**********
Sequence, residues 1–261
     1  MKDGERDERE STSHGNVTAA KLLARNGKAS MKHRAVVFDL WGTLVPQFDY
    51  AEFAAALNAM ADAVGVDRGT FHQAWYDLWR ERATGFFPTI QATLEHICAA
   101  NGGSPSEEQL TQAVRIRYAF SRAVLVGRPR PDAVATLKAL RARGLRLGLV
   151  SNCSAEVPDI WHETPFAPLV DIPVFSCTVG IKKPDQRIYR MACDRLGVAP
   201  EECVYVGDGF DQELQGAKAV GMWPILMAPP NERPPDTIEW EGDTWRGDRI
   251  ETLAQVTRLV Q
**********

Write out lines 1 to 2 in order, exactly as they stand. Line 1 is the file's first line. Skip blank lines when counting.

Sequence, residues 1–261
     1  MKDGERDERE STSHGNVTAA KLLARNGKAS MKHRAVVFDL WGTLVPQFDY